What's better than controlling your coyote population? Controlling your coyote population while giving to cancer research, that's what.
Larry Frank has spent the last 12 years donating his time and energy for a great cause.
For every coyote that a hunter brings him, he skins it, sells the pelt at auction, and donates the entire amount to cancer research.
In the 12-year span that Larry has been generously giving his time and effort, he has donated more than $45,000. That's an impressive amount cash anyone can appreciate.
It all started back in 2004 when a group of Frank's bird-hunting buddies started coyote hunting in the winter for something to do. After a successful hunt, and five coyotes later, Frank decided not to let the animals go to waste so he harvested the pelts and sold them.
"We didn't know what to do with the money," Frank said. "We didn't want to use it for gas or buying food or something, so we decided to just give it to charity."
Since everyone involved in the hunting all had someone within their families battling cancer, it was an easy decision where the money was going to go.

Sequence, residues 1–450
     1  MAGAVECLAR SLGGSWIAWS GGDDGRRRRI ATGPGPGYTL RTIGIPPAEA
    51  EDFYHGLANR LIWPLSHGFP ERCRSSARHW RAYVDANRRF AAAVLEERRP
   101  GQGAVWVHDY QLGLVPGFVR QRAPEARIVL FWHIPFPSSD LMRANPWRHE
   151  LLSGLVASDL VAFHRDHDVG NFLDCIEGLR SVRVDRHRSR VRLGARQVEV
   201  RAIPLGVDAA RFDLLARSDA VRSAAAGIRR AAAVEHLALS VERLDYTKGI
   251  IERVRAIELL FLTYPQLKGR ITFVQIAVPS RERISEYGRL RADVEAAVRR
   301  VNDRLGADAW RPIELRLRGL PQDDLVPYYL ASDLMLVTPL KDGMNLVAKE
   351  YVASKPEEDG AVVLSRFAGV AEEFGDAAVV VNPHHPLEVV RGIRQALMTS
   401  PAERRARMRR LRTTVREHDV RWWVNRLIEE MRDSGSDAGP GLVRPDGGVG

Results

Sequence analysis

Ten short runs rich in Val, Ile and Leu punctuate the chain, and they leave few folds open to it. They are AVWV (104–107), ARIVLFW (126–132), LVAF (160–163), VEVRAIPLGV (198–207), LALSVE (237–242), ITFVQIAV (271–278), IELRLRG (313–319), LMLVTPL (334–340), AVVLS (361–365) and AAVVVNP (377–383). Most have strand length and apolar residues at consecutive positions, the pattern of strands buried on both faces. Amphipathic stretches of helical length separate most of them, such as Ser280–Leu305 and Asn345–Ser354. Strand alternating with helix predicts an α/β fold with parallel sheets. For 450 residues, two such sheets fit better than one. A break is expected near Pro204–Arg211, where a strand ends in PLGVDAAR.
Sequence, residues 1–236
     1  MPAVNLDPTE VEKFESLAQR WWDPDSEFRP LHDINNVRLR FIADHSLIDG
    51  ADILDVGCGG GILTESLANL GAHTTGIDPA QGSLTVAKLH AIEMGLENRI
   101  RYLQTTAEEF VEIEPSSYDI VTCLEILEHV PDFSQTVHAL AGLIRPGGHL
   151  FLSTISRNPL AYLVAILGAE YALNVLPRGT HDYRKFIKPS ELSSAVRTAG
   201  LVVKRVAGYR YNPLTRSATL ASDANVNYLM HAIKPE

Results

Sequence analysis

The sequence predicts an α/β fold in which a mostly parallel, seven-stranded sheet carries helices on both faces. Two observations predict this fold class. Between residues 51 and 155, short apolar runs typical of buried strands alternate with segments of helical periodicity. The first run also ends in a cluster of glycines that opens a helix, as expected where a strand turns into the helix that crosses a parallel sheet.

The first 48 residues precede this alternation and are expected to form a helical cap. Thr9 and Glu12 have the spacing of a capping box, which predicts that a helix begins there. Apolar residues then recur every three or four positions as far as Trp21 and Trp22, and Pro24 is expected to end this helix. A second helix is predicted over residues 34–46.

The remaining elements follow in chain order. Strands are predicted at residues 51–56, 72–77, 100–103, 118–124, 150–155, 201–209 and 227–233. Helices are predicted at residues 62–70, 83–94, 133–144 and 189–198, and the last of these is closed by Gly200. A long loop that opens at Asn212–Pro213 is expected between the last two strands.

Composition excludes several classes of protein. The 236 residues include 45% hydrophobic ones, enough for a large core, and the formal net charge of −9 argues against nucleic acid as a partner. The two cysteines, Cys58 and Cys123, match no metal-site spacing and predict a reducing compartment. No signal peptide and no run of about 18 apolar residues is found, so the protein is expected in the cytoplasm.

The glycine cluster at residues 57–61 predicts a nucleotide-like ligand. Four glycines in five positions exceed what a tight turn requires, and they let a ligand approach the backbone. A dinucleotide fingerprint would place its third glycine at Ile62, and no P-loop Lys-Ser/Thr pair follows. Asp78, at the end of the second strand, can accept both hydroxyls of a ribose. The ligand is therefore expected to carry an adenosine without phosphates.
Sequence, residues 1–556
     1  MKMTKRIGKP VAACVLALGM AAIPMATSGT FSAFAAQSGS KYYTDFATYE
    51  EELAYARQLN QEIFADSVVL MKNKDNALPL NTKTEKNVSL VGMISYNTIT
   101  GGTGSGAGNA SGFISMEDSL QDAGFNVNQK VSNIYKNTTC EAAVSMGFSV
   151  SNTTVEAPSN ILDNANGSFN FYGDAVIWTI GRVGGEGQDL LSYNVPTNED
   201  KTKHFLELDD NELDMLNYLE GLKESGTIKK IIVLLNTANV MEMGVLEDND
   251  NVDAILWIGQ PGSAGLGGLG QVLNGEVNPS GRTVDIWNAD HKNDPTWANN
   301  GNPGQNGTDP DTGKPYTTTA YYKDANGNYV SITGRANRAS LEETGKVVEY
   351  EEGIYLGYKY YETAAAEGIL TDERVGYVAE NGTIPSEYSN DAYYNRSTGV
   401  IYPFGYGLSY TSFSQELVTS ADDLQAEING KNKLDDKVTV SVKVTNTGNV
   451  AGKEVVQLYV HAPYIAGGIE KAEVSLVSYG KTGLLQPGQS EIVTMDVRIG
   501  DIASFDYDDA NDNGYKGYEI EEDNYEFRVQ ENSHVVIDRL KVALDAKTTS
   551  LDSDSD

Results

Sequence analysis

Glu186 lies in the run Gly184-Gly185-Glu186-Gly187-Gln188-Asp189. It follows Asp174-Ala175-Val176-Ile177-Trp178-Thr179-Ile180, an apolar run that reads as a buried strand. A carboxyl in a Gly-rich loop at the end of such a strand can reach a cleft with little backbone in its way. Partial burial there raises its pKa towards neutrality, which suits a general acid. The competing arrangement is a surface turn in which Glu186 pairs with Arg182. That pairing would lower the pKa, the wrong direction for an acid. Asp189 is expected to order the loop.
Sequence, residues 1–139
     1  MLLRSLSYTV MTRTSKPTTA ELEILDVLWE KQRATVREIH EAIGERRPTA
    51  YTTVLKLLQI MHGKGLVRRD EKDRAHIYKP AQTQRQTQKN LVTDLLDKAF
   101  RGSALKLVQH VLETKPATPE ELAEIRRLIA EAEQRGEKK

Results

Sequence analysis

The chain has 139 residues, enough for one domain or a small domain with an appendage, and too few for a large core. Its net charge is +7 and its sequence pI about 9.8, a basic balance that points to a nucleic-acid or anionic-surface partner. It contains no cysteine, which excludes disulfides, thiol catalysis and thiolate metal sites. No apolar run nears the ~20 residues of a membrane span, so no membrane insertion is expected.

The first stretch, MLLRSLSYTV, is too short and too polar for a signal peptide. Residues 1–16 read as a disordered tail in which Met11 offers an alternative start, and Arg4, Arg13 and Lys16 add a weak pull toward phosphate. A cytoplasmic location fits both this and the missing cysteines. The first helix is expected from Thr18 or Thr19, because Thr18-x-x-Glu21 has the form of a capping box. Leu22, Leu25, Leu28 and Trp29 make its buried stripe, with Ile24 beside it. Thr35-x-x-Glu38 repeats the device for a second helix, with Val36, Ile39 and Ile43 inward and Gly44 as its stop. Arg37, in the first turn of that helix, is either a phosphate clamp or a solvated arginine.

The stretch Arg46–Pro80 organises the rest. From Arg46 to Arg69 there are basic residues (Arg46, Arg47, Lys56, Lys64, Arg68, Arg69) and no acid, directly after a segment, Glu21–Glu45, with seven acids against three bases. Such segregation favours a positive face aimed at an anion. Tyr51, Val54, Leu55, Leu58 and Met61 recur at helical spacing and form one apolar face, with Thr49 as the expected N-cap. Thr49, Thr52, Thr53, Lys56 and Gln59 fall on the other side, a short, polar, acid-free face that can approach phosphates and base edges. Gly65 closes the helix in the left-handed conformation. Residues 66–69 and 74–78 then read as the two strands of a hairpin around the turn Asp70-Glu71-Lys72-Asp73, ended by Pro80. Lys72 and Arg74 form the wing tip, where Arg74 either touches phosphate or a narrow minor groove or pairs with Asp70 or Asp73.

Frank's son was diagnosed with cancer when he was a sophomore at North Miami High School.
"No family is immune to cancer," he said. "Everybody is affected by it, so it was a natural place to go to with our charitable giving. If you can do something to help fight cancer, that's a good thing."
Frank and his hunting buddies weren't the marketing types but word was spread about their project. The second year, a few hunters came aboard and donated the pelts from their kills. The next year there were 34 furs. It kept growing until hunters had harvested 130 coyotes and raised $4,500 for the American Cancer Society.
"Once the community became aware of what we were doing, farmers were more willing to let us hunt on their land," he said. "The whole thing just started feeding on itself."
It's a win-win situation, predator population stays in check, and money is going to good cause.
"Now that we're all donating to the same common cause, we're all in it together," Frank said. "It's a lot of comradery among the hunters. We're all in the same boat with this."
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